Is the Golden Jackal Really a Wolf?

Golden jackals (Canis aureus) are found throughout northern and eastern Africa, the Middle East, southeastern Europe, and central, southern and western Asia. They exhibit a high degree of morphological variability across their range, with the Egyptian jackal (Canis aureus lupaster) being larger and longer limbed. Indeed, as far back as 1880 Thomas Huxley commented on the similarities between Egyptian jackals and the Indian wolf (Canis lupus pallipes).
egyptian_jackal
Figure 1. An Egyptian jackal or wolf. (From the University of Oxford)

The geographic distribution of the golden jackal overlaps that of the grey wolf, except in mainland Africa, where the grey wolf is absent. The only African wolf is the closely related Ethiopian wolf (
Canis simensis). Or at least that is the traditional view. In a paper published recently in PLoS One, researchers show that the rare Egyptian jackal from the horn of Africa is actually a wolf in jackal’s clothing (Rueness, et al. 2011).

The researchers used a 2055 base pair sequence of
mitochondrial DNA taken from highland golden jackal fecal samples and compared it with sequences from other wolf-like canids. Their results suggest that the larger Egyptian jackal is not a subspecies of golden jackal, but rather a subspecies of the grey wolf. The authors hypothesize that an ancestor of the Indian or Himalayan grey wolf migrated into Africa during the Pleistocene. According to this view, the Indian, Himalayan, and African wolf (formerly the Egyptian jackal) form an ancient wolf radiation that predated the radiation of the grey wolf into northern Europe and North America.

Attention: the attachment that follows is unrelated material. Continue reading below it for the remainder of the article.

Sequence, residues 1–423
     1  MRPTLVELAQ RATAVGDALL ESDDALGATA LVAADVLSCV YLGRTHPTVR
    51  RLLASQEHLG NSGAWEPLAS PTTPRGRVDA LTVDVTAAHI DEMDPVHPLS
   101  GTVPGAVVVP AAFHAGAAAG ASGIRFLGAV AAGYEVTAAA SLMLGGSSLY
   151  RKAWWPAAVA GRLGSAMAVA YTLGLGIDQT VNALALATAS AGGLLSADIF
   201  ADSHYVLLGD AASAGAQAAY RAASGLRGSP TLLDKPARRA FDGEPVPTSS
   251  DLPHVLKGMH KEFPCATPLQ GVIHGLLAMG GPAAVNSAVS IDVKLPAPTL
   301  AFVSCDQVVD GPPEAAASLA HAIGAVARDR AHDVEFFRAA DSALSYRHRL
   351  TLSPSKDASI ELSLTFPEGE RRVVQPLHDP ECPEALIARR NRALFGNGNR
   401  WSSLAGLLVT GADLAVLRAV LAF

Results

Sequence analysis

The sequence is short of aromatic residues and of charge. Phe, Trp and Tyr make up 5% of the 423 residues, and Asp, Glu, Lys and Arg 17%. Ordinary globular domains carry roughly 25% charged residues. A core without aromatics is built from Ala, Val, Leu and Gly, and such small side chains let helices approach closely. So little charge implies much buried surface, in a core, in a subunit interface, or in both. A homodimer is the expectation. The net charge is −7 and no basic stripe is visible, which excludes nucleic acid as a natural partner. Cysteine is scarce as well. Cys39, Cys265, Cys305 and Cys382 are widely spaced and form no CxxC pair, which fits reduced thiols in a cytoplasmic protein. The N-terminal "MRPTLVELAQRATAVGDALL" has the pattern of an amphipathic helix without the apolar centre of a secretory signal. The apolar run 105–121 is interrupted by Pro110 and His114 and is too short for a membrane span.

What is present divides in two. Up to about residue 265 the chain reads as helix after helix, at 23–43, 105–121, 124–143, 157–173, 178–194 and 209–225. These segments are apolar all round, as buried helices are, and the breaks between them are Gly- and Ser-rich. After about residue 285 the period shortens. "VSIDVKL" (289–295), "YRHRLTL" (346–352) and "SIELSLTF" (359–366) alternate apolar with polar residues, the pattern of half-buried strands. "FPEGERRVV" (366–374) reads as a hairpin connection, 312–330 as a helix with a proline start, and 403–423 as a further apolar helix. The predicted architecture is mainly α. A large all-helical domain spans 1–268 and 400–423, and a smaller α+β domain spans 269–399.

wolf_phylo
Figure 2. Phylogenetic tree (Maximum Likelihood) of wolf-like canids based on a segment of the Cyt b gene. Note that the Egyptian jackal is clustered within the grey wolf complex. (From Rueness et al., 2011)

Such a reclassification has important implications for canid conservation. As currently classified the Egyptian jackal receives no protection and, like other subspecies of golden jackals, it is persecuted over much of its range. If it is reclassified as the African wolf, it may merit a much higher level of protection.


References

Rueness, E.K., Asmyhr, M.G., Sillero-Zubiri, C., Macdonald, D.W., Bekele, A., Atickem, A., and N. Chr. Stenseth. (2011) The cryptic African wolf: Canis aureus lupaster is not a golden jackal and is not endemic to Egypt. PLoS ONE 6(1): e16385. doi:10.1371/ journal.pone.0016385

Huxley TH (1880) On the cranial and dental characters of the Canidae. Harvard University Press.